Somebody asked me the other day for my definition of agile--I think they heard about my new book coming in January, "Project management the agile way ... making it work in the enterprise".

From the book, I say this:
Agile’ means small teams, working collectively and collaboratively, with this mission:

To deliver frequent, incremental releases of innovative functions and features, prioritized for need and affordability; evolved iteratively from a vision according to user reflection and feedback; and produced at the best possible value

Below are my top five points; I guess it is my version of the Agile Manifesto

## Friday, October 2, 2009

### Top Five Ideas -- Statistics for Project Management

Do you love statistics? Probably not!

Nevertheless, they are present in every project and so a few minutes to grasp the top five ideas is time well spent.

In my presentation (at the slideshare link), adapted from my book "Quantitative Methods in Project Management", I talk about Monte Carlo simulation, the Central Limit Theorem, the Law of Large Numbers, probability distributions, and the merge bias problems in schedules.

Click here for a slideshare to show you the ropes on the top five ideas for statistics that help the project manager.

## Thursday, October 1, 2009

### Driving Adoption -- Benefits realization in the agile space

There's no time like the present--Benefit tracking begins with the first release.

Adoption may be slow. Because of the natural reluctance to change, embracing new capabilities may not be automatic. To encourage adoption, competing or legacy capabilities should be withdrawn as soon as practical.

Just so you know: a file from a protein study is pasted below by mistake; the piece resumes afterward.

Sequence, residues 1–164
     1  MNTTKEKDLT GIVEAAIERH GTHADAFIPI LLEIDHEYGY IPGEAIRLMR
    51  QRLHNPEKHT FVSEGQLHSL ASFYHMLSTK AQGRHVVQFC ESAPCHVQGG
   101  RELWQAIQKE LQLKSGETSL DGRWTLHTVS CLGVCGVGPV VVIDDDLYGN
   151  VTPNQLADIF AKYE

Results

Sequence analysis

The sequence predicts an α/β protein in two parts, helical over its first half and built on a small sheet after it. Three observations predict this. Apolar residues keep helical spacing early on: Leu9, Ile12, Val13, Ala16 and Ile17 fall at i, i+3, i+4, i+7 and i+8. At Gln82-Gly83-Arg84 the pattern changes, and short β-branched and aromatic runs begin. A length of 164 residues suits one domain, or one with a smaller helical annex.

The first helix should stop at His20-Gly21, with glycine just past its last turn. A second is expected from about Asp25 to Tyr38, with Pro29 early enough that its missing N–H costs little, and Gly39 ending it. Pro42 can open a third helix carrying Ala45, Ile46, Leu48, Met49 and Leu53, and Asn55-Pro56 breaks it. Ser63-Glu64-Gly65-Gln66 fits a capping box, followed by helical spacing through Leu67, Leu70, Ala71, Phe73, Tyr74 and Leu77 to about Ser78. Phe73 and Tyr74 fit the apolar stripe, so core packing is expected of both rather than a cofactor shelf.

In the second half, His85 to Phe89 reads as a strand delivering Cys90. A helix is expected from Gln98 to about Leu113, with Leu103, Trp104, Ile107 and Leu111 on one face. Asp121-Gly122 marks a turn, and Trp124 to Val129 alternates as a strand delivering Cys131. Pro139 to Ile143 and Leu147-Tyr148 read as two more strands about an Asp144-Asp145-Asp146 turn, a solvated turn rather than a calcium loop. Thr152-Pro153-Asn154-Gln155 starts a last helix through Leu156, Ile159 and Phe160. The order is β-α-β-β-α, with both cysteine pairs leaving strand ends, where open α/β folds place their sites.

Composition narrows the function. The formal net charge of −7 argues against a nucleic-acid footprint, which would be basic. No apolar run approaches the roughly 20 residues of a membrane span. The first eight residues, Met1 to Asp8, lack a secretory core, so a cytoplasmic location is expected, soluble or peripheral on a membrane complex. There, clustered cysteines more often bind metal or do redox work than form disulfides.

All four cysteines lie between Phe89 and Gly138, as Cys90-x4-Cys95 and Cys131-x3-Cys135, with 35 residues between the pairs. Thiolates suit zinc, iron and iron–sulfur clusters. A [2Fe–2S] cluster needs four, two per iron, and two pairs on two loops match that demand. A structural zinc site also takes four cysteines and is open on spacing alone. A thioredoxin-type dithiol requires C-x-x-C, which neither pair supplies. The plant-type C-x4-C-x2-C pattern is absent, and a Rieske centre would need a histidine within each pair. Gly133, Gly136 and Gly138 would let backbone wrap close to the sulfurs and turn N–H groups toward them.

Remove the legacy
It may be possible to help adoption by having the first few iterations produce product increments that are naturally attractive and capable of creating a buzz.

There are, of course, early adopters who will eagerly grab new capabilities, especially technology capabilities rich in software features and functions, and especially those that are user-configurable. But early adopters are only one of five personalities in the body of knowledge known as diffusion of innovations.

The five are:
1. Innovators: Those who are anxious to work with the product in a preproduction or beta status and take risks with immature product; usually very personable and networked individuals, well connected with technology, and able to handle a high degree of uncertainty;
2. Early adopters: Those with opinion leadership eager to put product through its paces and be first on the block to have the advantage of a new capability;
3. Early majority: Those willing to adopt after visible proof that the bugs have been worked out and operational effectiveness has been proven;
4. Later majority: The reluctant but willing, not too comfortable giving up what they know best; and
5. Laggards: Those that might never adopt and so drop out of the pool of users.

Innovators often make their own decisions to engage using new ideas; they are often in at the beginning and may be drivers behind the original vision. Early adopters may wait for official sanction before taking up a new product; later adopters may be forced by decision makers to get involved. Regardless, Everett Rogers, one of the early academics in the theory of diffusing innovation, posits that everyone passes through a five-stage decision-making process, albeit on difference timelines.